Maybe Enough is Enough
Range specialists questions profitability of selecting for heavier-milking cows.
If a little is good, then more must be better, right?
“We do tend to overdo,” said Travis Mulliniks. The University of Nebraska range production systems specialist highlighted the unintended consequences of continually selecting for increased output. Photo by Courtney Keaton from 2017 NJAA/Angus JournalPhoto Contest
Most and perhaps all of us succumb to that flawed axiom while attempting to manage work, leisure, diet and other aspects of our lives. It seems to be human nature. The truth, of course, is that sometimes more is better and sometimes it isn’t. Even in those situations where more of something is good, there generally is a point at which the benefits of “more” cease to exist. Too often we overlook the point of diminishing return. Usually, there are consequences.
“We do tend to overdo,” affirmed Travis Mulliniks in a presentation delivered as part of the Beef Improvement Federation Symposium Online, hosted June 8-12, 2020. The University of Nebraska range production systems specialist said that common tendency has yielded unintended consequences for cow-calf producers too narrowly focused on genetic selection for increased output from their breeding herds.
As a presenter during the symposium’s efficiency and adaptability session, Mulliniks said a common producer goal is to enhance output through heavier calf weaning weight. Toward that end, many producers focus on genetic selection for growth traits and increased cow milk production.
“But selection for increased milk production impacts more than calf growth,” stated Mulliniks.
And here is where the unintended consequences rear their ugly heads. Mulliniks cited evidence that increased milk production comes with increased nutritional requirements and increased risk of reproductive failure.
“Remember that reproduction is still most important,” Mulliniks stressed. “Reproduction is five times more economically important than growth traits or milk production.”
So, heavier-milking cows are at greater risk of decreased pregnancy rates, which then affects cow longevity in the breeding herd. The cow that breeds back a little bit late this year is apt to breed back even later next year, and she is likely to wean a light calf. The year after that, she may fall even farther behind and is more likely to be culled at a relatively young age.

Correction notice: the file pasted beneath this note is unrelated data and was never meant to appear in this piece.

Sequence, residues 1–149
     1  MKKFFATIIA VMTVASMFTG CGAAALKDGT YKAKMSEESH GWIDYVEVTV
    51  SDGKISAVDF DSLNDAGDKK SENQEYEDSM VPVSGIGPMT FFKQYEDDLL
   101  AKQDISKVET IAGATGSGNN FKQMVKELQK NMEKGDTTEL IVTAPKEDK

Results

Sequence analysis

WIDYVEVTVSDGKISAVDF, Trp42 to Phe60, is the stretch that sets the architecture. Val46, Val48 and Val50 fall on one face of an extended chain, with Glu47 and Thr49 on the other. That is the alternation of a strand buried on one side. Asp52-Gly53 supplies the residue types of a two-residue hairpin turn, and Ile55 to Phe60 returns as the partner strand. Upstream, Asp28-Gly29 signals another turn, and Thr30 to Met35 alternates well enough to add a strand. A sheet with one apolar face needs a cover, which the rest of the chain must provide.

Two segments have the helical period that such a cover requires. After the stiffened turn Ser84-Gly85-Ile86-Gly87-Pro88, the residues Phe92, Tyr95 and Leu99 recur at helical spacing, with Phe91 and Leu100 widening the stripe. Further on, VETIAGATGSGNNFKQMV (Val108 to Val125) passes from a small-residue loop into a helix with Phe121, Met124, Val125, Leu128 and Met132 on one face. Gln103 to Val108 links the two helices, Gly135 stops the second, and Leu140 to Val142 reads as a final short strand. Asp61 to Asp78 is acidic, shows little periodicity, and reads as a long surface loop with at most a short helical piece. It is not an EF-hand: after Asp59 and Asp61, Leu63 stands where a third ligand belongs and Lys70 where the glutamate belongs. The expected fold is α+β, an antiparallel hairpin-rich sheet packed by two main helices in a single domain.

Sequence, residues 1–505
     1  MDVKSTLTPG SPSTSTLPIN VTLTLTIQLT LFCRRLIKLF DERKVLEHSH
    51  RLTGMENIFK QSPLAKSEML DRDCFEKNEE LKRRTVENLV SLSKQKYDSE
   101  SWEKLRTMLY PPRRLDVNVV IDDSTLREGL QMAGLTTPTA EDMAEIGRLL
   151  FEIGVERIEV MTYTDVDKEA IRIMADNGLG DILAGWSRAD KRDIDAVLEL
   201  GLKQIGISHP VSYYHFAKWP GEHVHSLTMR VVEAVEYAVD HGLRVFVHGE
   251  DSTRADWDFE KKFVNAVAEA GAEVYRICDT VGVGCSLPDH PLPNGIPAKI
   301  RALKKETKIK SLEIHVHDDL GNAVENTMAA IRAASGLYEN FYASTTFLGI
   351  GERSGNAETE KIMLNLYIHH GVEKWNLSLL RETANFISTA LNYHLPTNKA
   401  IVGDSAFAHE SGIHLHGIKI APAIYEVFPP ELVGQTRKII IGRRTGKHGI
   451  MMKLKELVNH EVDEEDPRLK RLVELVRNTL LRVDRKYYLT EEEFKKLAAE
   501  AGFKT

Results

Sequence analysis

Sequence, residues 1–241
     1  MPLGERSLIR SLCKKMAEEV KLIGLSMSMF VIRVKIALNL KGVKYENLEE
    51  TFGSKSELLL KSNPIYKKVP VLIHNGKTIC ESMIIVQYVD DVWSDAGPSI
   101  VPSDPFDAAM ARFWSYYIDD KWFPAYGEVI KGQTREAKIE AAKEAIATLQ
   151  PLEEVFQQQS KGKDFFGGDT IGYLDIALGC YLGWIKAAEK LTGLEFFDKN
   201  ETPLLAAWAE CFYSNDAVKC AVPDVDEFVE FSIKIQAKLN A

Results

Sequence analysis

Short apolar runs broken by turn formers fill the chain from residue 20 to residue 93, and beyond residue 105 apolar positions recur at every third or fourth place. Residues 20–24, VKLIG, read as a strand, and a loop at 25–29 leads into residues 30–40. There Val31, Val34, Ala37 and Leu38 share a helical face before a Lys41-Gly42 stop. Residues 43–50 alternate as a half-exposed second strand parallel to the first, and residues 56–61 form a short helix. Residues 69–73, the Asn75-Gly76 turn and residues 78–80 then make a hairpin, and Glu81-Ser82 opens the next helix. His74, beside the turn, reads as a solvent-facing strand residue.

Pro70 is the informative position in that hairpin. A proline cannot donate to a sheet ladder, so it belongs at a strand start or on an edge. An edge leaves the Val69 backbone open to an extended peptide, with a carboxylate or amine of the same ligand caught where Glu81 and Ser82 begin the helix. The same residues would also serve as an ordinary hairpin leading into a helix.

Mulliniks said another potential consequence of selection for heavier-milking cows having increased nutritional demands is the need to reduce stocking rates. Ultimately, this reduces the carrying capacity of the ranch. He cautioned the audience to consider how selection for increased milk yield will affect production costs, particularly feed costs, noting that feed costs typically account for more than 50% of the variation in profitability of cow-calf operations.
“Typically, the most profitable producers have lower costs of production,” stated Mulliniks, emphasizing that they are profitable even though they don’t post boast-worthy weaning weights.
Mulliniks also cited regional data showing that average calf weaning weights have increased little or not at all during the last 20 years. So, are producers chasing increased milk production getting anything in return? Have they reached the point of diminishing returns, where the production environment will not support increased production beyond a certain level? Another possibility is that calves can’t consume or utilize the level of milk yield achieved.
In either case, another age-old axiom might apply: enough is enough.
To access the archived presentation slides and webinar session, click here. For more information about this year’s symposium, including additional award winners and coverage of meeting, visit the Awards and Newsroom pages of BIFconference.com. For more information about BIF, visit BeefImprovement.org.
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